Speakers – Jan 2017

DNMT3B DNA and RNA interactions

Hong Kee Tan
Tenen Laboratory
Cancer Science Institute of Singapore
National University of Singapore

DNMT3B is known to bind both DNA and RNA in vivo. However, the functions DNMT3B- DNA and RNA interactions are not well studied up to date. Recently, DNMT3B had been shown to interact with ribosomal DNA (rDNA) promoter RNA and regulating rDNA silencing. However, a global mapping of DNMT3B-interacting-RNAs (3DiRNAs) has never been reported up to date. By using DNMT3B RNA immunoprecipitation sequencing (RIP-seq), we mapped the global 3DiRNAs in H1 human embryonic stem cell (ESC) for the first time. Our analysis showed that DNMT3B interacts with nascent transcripts rather than promoter RNAs, favouring to interact with long intron transcripts. 3DiRNAs were found dominating by intronic RNA rather than exonic RNA . In addition, 3DiRNAs showed the strong 5’ end bias in the transcripts. In contrast, we found that DNMT3B-DNA interaction mainly occurs after the first splicing junction where the DNMT3B-RNA interaction signals diminished. In addition, we found that the binding of DNMT3B highly correlated to CpA methylation found in H1 human ESC. Nascent RNA interacting protein and CpA methylation has been proposed for RNA splicing regulation. We asked whether DNMT3B can regulate RNA splicing through these novel properties found in human ESC. However, we found no significant change in global gene splicing profile in DNMT3B knock-down cell. This suggests that DNMT3B may not regulate RNA-splicing in human ESC. The biological functions of DNMT3B-DNA and RNA interactions in hESC are remained unknown at the moment.

A mechanism underlying PTBP1-mediated splicing activation

Fursham Hamid
Makeyev Laboratory
Nanyang Technological University

The outcome of alternative pre-mRNA splicing (AS) events is, in part, regulated by RNA-binding proteins (RBPs) that function as activators or repressors of splicing. An emerging theme in this field of research is that some splicing regulators carry out dual splicing functions depending on its binding position relative to the target exon. One such RBP is Polypyrimidine tract-binding protein 1 (Ptbp1/PTB/hnRNP-I), a well-studied global repressor of neuron-specific alternative splicing program in non-neuronal cells. Ptbp1 induces splicing repression when bound to region upstream of a 5’ splice site but functions as an activator when localized downstream of a 5’ splice site. While the mechanisms underlying Ptbp1 repressive function have been well-documented, how exactly this RBP activate splicing is poorly understood. Here, we identified a Ptbp1-activated cassette exon found on the Deltex2 (Dtx2) gene which contained highly conserved pyrimidine-rich tracts exclusively downstream of its 5’ splice site. We found that binding of Ptbp1 onto these motifs recruits U1 snRNP to the 5’ splice by interacting with a specific structural element in the U1 snRNA. Interestingly, insertion of Ptbp1 binding sequences directly upstream of Dtx2 exon 6 was sufficient to repress exon inclusion in a Ptbp1-dependent manner.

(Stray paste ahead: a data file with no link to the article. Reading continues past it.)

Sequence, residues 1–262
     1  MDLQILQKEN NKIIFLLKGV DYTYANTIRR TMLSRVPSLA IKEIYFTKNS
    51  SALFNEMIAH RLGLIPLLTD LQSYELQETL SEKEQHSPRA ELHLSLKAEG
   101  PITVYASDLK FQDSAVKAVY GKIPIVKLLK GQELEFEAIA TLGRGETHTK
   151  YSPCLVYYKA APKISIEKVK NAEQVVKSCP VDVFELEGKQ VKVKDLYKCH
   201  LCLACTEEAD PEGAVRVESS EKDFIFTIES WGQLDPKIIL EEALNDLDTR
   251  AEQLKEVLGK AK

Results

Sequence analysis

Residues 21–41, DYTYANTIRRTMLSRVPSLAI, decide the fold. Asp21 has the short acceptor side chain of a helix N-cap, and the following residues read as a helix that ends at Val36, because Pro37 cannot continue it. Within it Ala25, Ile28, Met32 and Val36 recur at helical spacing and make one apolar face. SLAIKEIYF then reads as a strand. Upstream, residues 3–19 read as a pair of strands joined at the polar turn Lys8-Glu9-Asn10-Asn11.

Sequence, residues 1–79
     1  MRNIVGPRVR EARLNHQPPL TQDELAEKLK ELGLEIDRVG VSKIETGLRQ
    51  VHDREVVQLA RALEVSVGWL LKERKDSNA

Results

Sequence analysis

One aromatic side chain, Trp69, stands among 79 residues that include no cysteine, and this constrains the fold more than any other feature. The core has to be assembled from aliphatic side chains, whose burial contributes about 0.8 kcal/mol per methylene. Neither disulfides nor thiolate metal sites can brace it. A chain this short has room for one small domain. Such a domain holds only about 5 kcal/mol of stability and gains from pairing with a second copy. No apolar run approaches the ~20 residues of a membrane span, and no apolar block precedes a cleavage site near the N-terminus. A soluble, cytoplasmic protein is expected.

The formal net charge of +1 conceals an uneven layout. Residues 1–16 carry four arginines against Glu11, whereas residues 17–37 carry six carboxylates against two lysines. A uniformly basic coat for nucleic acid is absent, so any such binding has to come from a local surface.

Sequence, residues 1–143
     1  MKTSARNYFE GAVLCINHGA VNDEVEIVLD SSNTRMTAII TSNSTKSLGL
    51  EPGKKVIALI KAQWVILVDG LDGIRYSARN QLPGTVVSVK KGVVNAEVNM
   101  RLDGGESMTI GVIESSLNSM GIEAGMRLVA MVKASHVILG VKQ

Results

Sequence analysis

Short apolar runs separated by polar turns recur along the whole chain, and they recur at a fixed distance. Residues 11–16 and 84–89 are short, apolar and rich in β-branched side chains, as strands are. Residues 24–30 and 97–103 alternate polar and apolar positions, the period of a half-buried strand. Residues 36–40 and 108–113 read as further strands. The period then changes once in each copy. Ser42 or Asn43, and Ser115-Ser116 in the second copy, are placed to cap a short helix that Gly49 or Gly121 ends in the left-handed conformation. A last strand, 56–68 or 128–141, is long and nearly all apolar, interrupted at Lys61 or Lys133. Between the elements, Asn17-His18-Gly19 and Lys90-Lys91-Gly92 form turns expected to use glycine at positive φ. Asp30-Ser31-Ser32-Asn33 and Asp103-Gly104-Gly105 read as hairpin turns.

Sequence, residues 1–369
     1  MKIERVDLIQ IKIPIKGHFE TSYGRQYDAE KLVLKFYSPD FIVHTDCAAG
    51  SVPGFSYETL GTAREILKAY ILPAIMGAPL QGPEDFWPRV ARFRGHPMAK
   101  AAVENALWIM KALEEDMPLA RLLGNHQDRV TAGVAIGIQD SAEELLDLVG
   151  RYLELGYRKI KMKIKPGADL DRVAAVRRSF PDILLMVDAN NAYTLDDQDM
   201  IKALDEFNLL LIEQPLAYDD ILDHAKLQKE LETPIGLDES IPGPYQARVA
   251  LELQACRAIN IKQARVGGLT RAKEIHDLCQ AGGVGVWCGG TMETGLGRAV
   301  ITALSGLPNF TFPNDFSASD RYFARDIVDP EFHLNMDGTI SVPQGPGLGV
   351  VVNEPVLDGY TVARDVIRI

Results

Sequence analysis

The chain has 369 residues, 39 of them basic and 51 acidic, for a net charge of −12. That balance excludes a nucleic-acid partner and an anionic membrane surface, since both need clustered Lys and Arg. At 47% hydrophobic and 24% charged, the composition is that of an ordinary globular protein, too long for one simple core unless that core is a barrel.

Investigating the role of specialized ribosomes in erythroid differentiation

Jie Min Nah
Guo Laboratory
Institute of Molecular and Cell Biology, A*STAR

Ribosomes are made up of ~80 ribosomal proteins (RPs) and 4 ribosomal RNAs (rRNAs), and are traditionally thought to be invariant. Recent studies have suggested the presence of ‘specialised ribosomes’, which can be heterogeneous in their RP composition. These studies have suggested that specialised ribosomes could have important functions in regulating gene expression under different cellular contexts. Ribosomopathies are a group of diseases in which there is defective ribosome biogenesis/function. The most common ribosomopathy in humans is Diamond-Blackfan anemia (DBA) – where a haploinsufficiency of specific RPs leads to a disruption in normal erythropoiesis. Despite the possible connection to ribosomopathies, there is yet any extensive study done to examine the presence of specialised ribosomes in humans.

Our study investigates the role of specialised ribosomes in regulating the erythroid compartment. We hypothesise that ribosomes with specific RPs may participate in driving erythroid differentiation by translating distinct sets of mRNAs. This could potentially explain why RP haploinsufficiency, such as in DBA, may lead to defective erythropoiesis. Using large-scale in vitro differentiation of primary CD34+ cells, we follow cellular transitions through different stages of erythropoiesis. We found that global translation slows at the later stages of erythropoiesis. Interestingly, proteomics analysis of the polysomal proteins showed that levels of RPs change in differing magnitudes as the cells differentiate. This implies that the levels of RPs are not coordinately regulated in a fixed stoichiometry, hence lending support to the idea that heterogeneous ribosomes could be present during erythropoiesis.

We plan to validate the proteomics results and investigate the role of these candidate RPs in erythroid differentiation. To further study how changes in RP expression affects translation, we plan to probe mRNAs translated by ribosomes containing these candidate RPs. Through these investigations, we hope to explore another possible layer of translation control in human gene expression.